“My husband and I had been asked to be temporary foster parents for two brothers who had landed at the airport with signs around their necks from Cambodia,” Katherine said.
Since the couple had adopted their youngest daughter from Lutheran Social Services, the Patersons seemed like the perfect temporary family for these two boys and Katherine thought it would be no problem to go from four kids to six.
“The honeymoon was over in a day-and-half,” said the now 83-year-old Katherine. “They didn’t speak English and the older brother was threatening to kill his younger brother on a daily basis.”
The impact of the boys’ six-month stay with the family before they were reunited with their biological family was profound. As Katherine’s thoughts turned negative toward the boys, she was shocked by her own way of thinking.
“I flunked as a foster mother,” Katherine said. “I was saying things like: ‘I can’t solve that problem, they’re only going to be here a couple of weeks.’ When I heard what I was saying inside my head, I began to realize I was treating two human beings as if they were disposable.”
Reflecting on their time in her home, Katherine decided she would write a book from the child’s perspective.
“I wrote the book to ask myself how I would feel if the world treated me as if I was disposable,” Katherine said. “And that’s Gilly. I learned a lot from writing a book.”
That focus on the child’s foster care experience became the award-winning The Great Gilly Hopkins, which tells the tale of 11-year-old Gilly as she moves into her newest foster home with Maime Trotter. Published in 1978, the book transitioned to the movie screen with the release of the Lionsgate film “The Great Gilly Hopkins” in October. Katherine’s two sons, John and David, worked with their mother closely to create the film.
“I love the movie adaptation of the book,” Katherine said. “David’s a much better script writer than I am so I was pretty happy to trust him with that.”
Co-producers, her sons are not only big fans of their mother’s work but also specifically of Gilly’s story.
“Gilly is the bad guy even though she’s the hero and the protagonist,” David Paterson said. “Gilly is a very flawed character. It’s a real American story. Gilly is so much more grounded in real life.”
For David, bringing Gilly to the big screen seemed like the perfect next step after receiving much success in adapting his mother’s most widely read book, Bridge to Terabithia, to a movie as well. David had already adapted The Great Gilly Hopkins into a play, so the film seemed like the next logical step.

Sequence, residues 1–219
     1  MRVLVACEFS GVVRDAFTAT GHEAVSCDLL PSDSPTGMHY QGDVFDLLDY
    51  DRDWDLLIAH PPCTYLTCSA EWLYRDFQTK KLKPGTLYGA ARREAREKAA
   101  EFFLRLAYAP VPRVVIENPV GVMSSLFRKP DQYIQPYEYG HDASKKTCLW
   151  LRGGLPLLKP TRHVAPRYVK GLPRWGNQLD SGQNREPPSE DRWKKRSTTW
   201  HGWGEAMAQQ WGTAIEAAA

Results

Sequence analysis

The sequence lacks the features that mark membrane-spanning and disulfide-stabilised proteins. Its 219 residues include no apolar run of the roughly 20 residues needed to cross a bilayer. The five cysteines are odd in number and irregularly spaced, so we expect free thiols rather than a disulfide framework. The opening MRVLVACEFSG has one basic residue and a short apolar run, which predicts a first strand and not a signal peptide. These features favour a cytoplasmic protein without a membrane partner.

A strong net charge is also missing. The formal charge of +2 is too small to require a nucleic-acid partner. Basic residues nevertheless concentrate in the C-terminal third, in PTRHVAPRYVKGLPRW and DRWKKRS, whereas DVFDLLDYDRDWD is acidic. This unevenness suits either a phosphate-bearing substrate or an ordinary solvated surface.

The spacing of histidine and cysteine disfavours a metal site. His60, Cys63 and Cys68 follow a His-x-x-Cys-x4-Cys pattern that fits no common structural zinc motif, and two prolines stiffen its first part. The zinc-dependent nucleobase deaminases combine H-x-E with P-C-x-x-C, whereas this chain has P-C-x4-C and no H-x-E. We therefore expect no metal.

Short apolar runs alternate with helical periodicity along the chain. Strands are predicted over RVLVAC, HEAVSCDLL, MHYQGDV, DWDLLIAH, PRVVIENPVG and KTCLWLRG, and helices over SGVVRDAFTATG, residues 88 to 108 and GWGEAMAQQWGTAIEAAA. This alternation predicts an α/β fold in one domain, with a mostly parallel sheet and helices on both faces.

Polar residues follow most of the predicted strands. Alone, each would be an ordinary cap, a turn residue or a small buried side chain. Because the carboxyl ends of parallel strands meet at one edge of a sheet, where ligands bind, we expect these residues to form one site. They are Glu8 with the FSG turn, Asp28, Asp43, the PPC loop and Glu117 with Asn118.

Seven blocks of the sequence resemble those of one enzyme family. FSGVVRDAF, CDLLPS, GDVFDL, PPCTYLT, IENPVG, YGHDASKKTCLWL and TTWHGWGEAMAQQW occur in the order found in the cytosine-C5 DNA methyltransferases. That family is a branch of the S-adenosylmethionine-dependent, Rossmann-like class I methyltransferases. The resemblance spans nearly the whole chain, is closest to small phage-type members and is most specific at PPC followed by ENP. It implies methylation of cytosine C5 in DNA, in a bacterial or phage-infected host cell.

“The book is just as successful now, maybe more so now, than when it first came out,” David said. “Her stories are timeless.”
“I think hope is probably the strongest theme of both the book and the film,” David said. “Kids in the foster care system have a level of hopelessness. Hope is one of the most powerful components of human beings. Hope can be a powerful tool in getting through some elements of life.”
Much of the hope is provided in the film through Gilly’s foster mother, Maime Trotter. Having Kathy Bates commit to playing the role was a long-time wish for David and his mother.
“I’d always thought Kathy Bates would be perfect for Maime Trotter,” David said. “She has a universality to her that’s welcoming and a ‘don’t mess with me’ attitude at the same time. Kathy just fit the mold.”
While Katherine had little input in the casting, she, too, was hopeful that Bates would agree to playing the role of Maime Trotter.
“Maime Trotter is my favorite character,” Katherine said. “I thought I’d give the kids in this book the best foster mother. I won’t ever think of Maime Trotter, my absolute favorite character, without seeing Kathy Bates’ face.”
Bates shared in a film promotional interview: “My niece had the opportunity to foster a child. I was able to really infuse Maime with real experiences that I had learned with my family. To see someone really save someone’s life and really change a path is magnificent.”
Once Bates was secured for the role, other actors willingly signed onto the project. With a cast that includes Julia Stiles, Octavia Spencer, Glenn Close and Bill Cobb, the movie has a wealth of talent included. And with Gilly played by Canadian Actress Sophie Nelisse, the book comes to life on the screen.
“We were very lucky with Sophie,” David said. “She does a terrific job of becoming an American in the film. We ended up with a terrific, terrific cast.”
David and Katherine are excited to reach a broader audience, but also hope that it represents the foster care community well and is one that kids in care and foster parents alike can relate to.
“We hope we do a good job representing those on the frontlines of foster care,” David said. “The film acknowledges all the hard work of foster families everywhere.”
For Katherine, the story is something near to her heart and her own experiences. At one point in her career, Katherine was asked to visit a prison to discuss The Great Gilly Hopkins with inmates who had recently read the book. She was surprised when she asked how many of them had been in foster care and all of them raised their hand. That moment has had a profound impact on Katherine, who believes many children relate to Gilly’s experience.
“Especially for kids who feel they are disposable, I would hope by seeing the film they know they aren’t,” Katherine said. “You can’t choose what happened to you, but you can choose what you do with it.”
The film becomes available in stores and online Dec. 6.
Written By Chronicle Of Social Change
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